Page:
• Tentacle Bento has no nudity, and does not specify what happens to the captured school girls - but there is a lot of sexual innuendo about them.
  • Hentacle is graphic and specific that the women "victims" are bound and penetrated by penis-tipped tentacles, though it does not use the term "rape".

My quick reading of Sex, Dice, & Gamer Chicks and longer reading of The Slayer's Guide to Female Gamers is that they are indeed full of crap that pictures females as alien outsiders to normal gamers. It is intended to be humorous, but it is not in my opinion satirical any more than Benny Hill or Amos & Andy. It engages in a lot of bad stereotypes of both male and female gamers, such as saying that if a female doesn't run away screaming from the regular gamers, then they have an apparent affection for one of them. I first opened up to a "Poon-tang" table. Shortly after that is the female gamer section - where "female" is a type of gamer, like "rules lawyer" or "munchkin" or "thespian".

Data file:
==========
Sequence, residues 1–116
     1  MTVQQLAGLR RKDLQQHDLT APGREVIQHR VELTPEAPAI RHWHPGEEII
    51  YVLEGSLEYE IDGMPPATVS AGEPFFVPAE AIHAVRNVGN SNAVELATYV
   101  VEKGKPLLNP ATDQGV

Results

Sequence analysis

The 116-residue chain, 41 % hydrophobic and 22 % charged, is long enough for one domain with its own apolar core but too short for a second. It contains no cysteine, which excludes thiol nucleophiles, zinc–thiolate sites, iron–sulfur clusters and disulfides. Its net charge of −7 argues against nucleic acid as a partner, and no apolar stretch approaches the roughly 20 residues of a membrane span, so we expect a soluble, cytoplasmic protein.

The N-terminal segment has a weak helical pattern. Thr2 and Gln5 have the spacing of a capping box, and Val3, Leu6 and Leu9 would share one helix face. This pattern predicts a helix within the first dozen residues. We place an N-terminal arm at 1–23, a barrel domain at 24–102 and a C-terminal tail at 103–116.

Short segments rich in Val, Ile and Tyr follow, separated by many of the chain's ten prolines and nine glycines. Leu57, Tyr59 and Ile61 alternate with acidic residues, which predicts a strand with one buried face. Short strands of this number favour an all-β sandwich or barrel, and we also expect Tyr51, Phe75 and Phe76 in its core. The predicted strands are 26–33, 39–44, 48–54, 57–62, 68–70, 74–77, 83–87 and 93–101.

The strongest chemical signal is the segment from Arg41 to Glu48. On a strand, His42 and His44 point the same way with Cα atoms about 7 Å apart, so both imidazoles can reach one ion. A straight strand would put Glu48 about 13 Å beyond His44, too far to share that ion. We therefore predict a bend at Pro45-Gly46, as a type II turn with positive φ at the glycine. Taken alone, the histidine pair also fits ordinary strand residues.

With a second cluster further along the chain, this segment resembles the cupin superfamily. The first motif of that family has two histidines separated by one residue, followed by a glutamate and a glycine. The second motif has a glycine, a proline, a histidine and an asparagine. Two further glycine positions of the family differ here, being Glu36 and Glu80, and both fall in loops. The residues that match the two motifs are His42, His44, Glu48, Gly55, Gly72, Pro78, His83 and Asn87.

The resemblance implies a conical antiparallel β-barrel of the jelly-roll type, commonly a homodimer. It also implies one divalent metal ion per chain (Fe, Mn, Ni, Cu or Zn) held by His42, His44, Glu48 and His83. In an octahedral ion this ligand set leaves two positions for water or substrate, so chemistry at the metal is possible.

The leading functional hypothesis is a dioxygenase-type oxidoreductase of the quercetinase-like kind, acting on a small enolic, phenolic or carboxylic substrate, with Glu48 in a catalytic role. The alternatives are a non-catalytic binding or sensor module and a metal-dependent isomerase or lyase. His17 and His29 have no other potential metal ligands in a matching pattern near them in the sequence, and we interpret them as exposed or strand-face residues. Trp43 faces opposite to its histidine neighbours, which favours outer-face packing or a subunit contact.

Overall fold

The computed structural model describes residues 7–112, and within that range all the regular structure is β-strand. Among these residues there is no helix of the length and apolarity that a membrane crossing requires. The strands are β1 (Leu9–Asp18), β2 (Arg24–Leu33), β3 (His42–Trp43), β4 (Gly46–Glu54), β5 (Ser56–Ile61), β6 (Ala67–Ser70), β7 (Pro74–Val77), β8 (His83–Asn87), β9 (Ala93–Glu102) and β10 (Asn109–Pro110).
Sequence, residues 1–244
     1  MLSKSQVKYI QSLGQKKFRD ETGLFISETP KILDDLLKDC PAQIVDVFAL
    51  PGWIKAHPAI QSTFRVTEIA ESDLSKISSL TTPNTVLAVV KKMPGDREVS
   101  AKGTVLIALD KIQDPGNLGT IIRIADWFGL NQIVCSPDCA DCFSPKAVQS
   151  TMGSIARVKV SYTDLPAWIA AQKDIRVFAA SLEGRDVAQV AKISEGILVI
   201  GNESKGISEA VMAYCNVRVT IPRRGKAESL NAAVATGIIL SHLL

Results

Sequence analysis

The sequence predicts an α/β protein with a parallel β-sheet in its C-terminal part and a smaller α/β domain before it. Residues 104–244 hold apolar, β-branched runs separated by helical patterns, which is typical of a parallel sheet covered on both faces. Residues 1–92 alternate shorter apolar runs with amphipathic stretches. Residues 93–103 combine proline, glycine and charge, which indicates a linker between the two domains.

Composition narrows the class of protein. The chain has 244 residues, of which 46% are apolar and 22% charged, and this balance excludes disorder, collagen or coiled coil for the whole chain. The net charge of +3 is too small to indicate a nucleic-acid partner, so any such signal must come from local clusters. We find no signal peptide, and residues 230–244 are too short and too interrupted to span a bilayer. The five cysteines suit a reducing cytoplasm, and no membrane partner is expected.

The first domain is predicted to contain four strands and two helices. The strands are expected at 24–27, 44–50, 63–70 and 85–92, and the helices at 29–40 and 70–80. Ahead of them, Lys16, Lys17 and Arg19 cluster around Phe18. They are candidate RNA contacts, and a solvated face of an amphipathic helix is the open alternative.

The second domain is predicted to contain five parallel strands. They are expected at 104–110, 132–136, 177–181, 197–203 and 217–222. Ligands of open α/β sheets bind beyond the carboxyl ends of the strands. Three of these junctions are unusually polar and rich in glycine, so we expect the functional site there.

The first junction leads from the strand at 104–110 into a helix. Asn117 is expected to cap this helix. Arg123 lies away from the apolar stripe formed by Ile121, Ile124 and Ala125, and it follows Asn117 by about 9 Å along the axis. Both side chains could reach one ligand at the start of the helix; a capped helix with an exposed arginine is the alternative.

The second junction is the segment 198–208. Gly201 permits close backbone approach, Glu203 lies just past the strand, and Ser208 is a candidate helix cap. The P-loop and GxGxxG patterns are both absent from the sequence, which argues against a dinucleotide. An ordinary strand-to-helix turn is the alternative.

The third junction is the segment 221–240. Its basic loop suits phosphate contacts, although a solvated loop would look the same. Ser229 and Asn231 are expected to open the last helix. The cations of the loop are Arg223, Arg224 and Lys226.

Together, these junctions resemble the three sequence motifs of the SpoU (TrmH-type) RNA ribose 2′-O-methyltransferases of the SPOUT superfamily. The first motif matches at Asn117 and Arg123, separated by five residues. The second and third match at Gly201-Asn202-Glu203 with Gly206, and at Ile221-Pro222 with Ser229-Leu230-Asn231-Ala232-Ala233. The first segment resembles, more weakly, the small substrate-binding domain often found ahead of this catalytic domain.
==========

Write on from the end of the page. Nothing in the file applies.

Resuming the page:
The text of the letter for Maladicta's petition is as follows:

For years, the hateful and violent ideas of James Desborough have been receiving vindication in the form of publication via several companies. Ideas such as the notion that female gamers prostate themselves for in-game benefits, which makes it okay to treat all female gamers as prostitutes (Sex, Dice & Gamer Chicks, Mongoose Publishing); that women are mysterious, unknowable creatures instead of people (Munchkin's Guide to Powergaming, Steve Jackson Games); or that "[r]ape is fucking awesome" ("In Defence of Rape," Grim's Tales (12/06/12)) have received wide distribution in their inclusion in his gaming work.

That companies continue to publish James Desborough's work is nothing short of abhorrent. Female, gender-nonconformist, and equalist male gamers make up a much larger demographic than the misogynistic rape fetishists who find his work enjoyable. That his work is still in publication is a stain on the hobby and vocal condemnation should be the only response.

Until game companies apologize for publishing such hateful material and openly condemn James Desborough, they will not receive our money. With the multitude of tabletop RPG companies, there is no need to support the ones who promote hatred towards large segments of their demographic.

While her comments on his writing are arguable, the letter completely misquotes Desborough's blog post in a misleading and slanderous fashion.


I'll be posting my more general opinions in a later post.